The tradition at Del Ray may have been started by adults, but children have indeed embraced it, this year more than ever. Steenstra says, “It’s pretty much COVID year number 2, and we still want some holiday spirit; we want something to do outside, to do with your family. Something that you can do in a day and not be judged by it.
Just like last year, the neighborhood kids gather in E Luray and E Alexandria’s back alley, painting their own cards or designing together. Keyser’s daughter paints a card with a unicorn with her friend.
Neighborhood kids and their buddies also have great ideas that go beyond the cards themselves; Prepare for a hot chocolate stand every night and a potential visit from the president.
“Some of E Luray’s kids wrote to the White House asking them to come and see Holiday Card Lane, and they set up a hot chocolate stand,” Keyser says. “With a little entrepreneurship, they’re already talking through a schedule, with a different child in charge each night for a window of one or two hours. “
Holiday Card Lane will officially begin on December 5 after the lighting of the Del Ray Christmas Tree in Pat Miller Square. Once the base tree is illuminated, follow the arrows down Mount Vernon to E Luray, where a new Welcome to Holiday Card Lane will welcome you during your walk in E Luray and E Alexandria avenues.
If you would like to see the maps spread across Alexandria, please visit the interactive map. If you would like to see a gallery of card photos, please read this article on thezebra.org. It is estimated that there are over 100 maps in Alexandria.
Holiday Card Lane has grown tenfold from 2020 to 2021, but the growth won’t stop anytime soon. What we can expect to see next year includes a classic cutout face card for group photos, as well as a charity component.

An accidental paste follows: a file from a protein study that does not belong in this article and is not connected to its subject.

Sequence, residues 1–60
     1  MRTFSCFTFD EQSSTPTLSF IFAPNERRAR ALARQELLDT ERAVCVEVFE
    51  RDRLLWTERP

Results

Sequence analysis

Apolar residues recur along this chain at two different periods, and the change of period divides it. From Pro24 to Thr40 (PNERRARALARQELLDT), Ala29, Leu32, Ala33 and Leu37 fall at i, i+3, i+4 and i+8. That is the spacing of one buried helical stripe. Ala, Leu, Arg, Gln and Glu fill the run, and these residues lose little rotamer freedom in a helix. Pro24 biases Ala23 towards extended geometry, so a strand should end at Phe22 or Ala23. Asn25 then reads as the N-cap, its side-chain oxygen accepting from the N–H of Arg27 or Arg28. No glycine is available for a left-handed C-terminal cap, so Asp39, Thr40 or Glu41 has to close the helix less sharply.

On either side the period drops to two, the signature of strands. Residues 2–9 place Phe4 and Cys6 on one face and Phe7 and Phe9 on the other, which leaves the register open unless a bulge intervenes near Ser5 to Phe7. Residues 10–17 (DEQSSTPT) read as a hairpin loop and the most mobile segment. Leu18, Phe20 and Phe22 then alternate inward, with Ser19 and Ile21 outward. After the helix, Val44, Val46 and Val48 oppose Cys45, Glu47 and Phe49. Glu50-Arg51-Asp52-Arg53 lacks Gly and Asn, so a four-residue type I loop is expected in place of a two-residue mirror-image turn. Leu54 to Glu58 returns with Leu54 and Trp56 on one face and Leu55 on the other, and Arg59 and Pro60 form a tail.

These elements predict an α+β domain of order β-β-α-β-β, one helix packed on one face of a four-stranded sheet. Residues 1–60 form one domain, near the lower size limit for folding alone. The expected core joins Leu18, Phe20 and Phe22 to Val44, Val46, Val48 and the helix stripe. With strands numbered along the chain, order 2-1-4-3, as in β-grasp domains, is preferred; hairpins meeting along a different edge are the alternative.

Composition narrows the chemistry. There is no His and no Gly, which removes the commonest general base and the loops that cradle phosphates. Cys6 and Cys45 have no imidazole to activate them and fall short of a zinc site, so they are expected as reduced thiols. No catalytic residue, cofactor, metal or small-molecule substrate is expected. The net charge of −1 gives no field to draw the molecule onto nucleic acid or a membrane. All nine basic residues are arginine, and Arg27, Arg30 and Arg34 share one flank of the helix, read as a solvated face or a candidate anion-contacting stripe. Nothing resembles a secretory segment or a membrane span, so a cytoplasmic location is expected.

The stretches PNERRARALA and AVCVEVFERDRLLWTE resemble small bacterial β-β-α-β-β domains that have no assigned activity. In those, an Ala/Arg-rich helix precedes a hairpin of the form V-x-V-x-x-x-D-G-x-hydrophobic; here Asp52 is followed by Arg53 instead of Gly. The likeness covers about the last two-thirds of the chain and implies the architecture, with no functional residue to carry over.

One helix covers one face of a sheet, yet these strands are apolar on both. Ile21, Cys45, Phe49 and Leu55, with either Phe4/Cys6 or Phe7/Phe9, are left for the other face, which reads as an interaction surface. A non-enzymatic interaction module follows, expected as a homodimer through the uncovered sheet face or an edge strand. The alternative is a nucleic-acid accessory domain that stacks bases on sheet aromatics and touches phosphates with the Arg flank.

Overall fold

Steenstra explains, “I have a neighbor on the board of a nonprofit organization for women and children, and we were going to do a fundraiser. We’ll call local construction companies to donate their leftover plywood, prepare it for us, and set it up in the lanes. Then you can pay $ 75 for a primed card and paint kit, and all the money will go to the foundation for women and children.
Alexandria is known for many things: the waterfront, the history, the small businesses, the food, the families, the animals… Lee Street Halloween, the lights of King Street… and now Holiday Card Lane.
VanZoeren leaves us with this: “It’s a simple, happy and different way of expressing yourself, and it would be really good if Alexandria were known for it.”
CALL FOR DONATIONS
If you would like to donate wood or supplies, please contact one of the emails below.
MAKE YOUR OWN HOLIDAY CARD:
- Form a neighborhood group and share the supplies. Look in basements, attics, closets… See the scraps of materials you might have lying around and dying to be depleted.
- Go to Lowe’s and look at the rejection painting. You can buy a liter of paint for a dollar. This is a low cost option.
- Install a paint station. If you live in or near an alley, this works great for social distancing and preventing house damage. Otherwise, plastic sheeting is another easy and inexpensive option to contain any stray creativity.
- Have fun with it! There really are no rules when it comes to spreading vacation happiness. Paint, sparkle, trace, draw anything that makes you smile.